Monitoring the Monitor: Distracted Institutional Investors and Board Governance

Monitoring the Monitor: Distracted Institutional Investors and Board Governance

Claire Yang Liu, Angie Low, Ronald Masulis, Le Zhang

Series number :

Serial Number: 
531/2017

Date posted :

October 10 2017

Last revised :

October 10 2017
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Keywords

  • board of directors • 
  • shareholder activism • 
  • institutional investors • 
  • Board monitoring • 
  • Shareholder voting • 
  • Corporate governance

Boards are crucial to shareholder wealth. Yet, little is known about how shareholder
oversight affects director incentives. Using exogenous industry shocks to institutional investor portfolios, we find that institutional investor distraction weakens board oversight.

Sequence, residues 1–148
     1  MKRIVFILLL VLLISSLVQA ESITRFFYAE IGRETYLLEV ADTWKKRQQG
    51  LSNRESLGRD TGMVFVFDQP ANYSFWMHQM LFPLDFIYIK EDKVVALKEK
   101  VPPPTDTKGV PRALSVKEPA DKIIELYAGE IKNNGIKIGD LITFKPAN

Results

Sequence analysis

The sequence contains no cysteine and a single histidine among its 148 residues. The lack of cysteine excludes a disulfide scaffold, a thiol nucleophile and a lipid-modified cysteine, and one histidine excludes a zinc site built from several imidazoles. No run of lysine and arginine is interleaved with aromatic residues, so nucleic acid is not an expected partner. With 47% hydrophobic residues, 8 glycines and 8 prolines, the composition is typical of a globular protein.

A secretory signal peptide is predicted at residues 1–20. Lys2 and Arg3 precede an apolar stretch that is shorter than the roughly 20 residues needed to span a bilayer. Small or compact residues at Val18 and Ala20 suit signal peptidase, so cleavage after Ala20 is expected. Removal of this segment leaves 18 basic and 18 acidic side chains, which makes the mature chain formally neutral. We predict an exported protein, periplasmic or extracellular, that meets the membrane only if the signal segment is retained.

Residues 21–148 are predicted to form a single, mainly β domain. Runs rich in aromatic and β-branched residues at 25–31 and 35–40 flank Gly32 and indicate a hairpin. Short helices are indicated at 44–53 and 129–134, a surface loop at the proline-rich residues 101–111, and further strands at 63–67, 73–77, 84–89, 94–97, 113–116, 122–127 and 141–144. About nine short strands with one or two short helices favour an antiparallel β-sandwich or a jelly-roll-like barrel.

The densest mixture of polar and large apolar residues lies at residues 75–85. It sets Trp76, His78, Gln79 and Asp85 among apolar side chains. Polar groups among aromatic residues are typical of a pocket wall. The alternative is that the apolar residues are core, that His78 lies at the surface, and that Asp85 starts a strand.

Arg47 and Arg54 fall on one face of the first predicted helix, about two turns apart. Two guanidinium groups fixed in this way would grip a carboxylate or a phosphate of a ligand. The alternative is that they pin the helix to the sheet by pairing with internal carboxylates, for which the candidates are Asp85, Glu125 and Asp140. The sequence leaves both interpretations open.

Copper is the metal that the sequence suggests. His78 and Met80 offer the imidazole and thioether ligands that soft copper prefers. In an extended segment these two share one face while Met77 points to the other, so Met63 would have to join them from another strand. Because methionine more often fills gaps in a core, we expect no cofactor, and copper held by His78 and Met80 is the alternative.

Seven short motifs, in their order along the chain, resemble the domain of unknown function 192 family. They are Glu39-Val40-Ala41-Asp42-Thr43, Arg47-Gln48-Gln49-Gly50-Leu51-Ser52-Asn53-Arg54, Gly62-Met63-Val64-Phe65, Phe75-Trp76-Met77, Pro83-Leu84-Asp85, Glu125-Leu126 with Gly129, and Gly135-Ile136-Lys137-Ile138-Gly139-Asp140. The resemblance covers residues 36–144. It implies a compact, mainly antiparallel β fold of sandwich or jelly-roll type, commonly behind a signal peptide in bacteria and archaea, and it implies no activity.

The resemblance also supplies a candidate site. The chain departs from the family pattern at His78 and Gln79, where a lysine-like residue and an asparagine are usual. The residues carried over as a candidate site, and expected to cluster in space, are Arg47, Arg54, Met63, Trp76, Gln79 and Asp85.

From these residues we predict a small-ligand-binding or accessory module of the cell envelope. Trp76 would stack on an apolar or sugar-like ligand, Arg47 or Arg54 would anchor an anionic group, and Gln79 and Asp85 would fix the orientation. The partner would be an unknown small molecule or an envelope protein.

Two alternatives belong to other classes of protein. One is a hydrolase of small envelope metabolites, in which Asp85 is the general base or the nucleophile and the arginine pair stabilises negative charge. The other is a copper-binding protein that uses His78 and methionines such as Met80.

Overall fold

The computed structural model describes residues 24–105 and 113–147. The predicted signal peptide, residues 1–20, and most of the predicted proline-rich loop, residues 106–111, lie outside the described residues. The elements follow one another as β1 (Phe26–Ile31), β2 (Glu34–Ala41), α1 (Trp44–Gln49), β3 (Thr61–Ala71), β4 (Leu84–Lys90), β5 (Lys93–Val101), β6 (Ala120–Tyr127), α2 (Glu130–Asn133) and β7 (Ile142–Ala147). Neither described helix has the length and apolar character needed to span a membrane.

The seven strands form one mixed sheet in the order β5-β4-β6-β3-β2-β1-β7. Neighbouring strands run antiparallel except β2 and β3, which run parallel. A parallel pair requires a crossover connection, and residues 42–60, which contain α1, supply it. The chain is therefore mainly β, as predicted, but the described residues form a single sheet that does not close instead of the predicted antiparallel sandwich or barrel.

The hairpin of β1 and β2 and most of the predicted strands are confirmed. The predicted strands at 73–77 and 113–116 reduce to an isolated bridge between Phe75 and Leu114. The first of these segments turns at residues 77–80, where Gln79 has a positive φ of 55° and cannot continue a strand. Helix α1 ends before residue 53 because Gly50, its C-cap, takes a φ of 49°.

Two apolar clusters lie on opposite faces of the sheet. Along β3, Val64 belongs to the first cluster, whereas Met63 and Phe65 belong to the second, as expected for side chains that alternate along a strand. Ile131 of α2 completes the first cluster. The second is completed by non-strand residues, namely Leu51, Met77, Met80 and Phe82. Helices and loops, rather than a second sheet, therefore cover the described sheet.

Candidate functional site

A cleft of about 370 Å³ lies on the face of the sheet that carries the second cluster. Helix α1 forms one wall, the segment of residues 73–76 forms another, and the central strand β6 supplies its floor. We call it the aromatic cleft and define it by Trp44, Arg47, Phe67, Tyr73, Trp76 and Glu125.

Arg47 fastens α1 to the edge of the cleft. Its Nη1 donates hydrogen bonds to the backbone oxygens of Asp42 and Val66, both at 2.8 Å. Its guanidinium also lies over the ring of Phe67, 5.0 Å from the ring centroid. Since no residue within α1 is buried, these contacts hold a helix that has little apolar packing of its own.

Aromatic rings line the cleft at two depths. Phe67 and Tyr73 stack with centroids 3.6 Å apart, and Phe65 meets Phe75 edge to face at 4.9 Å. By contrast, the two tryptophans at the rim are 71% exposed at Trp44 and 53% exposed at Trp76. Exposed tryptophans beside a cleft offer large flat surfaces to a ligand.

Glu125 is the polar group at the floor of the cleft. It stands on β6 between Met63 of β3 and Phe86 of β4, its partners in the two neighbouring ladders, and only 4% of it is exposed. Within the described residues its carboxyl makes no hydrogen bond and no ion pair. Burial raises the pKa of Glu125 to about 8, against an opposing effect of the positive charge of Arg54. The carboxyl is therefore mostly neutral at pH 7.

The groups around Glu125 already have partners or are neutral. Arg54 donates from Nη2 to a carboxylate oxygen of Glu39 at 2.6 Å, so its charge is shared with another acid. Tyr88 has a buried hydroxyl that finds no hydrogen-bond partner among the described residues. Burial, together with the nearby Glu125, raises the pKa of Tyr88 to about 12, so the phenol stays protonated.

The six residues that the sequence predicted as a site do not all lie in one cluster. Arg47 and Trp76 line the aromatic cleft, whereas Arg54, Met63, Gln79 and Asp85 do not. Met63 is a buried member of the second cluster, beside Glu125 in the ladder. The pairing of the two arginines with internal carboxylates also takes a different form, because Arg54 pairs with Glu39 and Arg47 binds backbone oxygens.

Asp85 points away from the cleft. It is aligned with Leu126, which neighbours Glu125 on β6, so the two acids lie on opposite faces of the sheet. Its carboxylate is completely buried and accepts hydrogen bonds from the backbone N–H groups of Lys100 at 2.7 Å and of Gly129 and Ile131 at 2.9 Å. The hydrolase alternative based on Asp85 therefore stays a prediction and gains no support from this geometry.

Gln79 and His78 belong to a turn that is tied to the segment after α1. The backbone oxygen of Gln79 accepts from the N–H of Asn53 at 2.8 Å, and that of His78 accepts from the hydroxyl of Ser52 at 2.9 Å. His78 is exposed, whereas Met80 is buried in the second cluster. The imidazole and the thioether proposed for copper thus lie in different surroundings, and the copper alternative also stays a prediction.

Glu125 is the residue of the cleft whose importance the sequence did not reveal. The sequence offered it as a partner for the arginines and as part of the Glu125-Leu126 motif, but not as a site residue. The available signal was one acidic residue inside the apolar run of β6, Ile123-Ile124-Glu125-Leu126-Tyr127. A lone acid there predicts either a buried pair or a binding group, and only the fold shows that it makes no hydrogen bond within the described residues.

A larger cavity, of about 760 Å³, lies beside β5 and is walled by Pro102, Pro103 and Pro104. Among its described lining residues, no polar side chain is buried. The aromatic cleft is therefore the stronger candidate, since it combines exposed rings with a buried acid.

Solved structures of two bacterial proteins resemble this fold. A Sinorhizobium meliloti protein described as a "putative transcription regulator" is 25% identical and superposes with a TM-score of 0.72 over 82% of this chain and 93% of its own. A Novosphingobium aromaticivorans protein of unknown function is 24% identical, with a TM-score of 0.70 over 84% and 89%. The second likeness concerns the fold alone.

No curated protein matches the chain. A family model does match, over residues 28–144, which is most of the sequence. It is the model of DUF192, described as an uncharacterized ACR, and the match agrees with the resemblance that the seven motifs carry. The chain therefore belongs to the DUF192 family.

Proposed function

Distracted institutions are less likely to discipline ineffective directors, while directors with poor proxy voting outcomes are less likely to depart. Consequently, independent directors face weaker monitoring incentives and exhibit poor performance. Also, ineffective independent directors are
more frequently appointed. Such firms exhibit more earnings management, high unexplained CEO pay, and lower valuation. Our findings suggest that institutional investor monitoring creates important director incentives to monitor.

Authors

Real name: 
Angie Low
Research Member
School of Banking and Finance, Australian School of Business
Real name:
Claire Yang Liu
Real name:
Le Zhang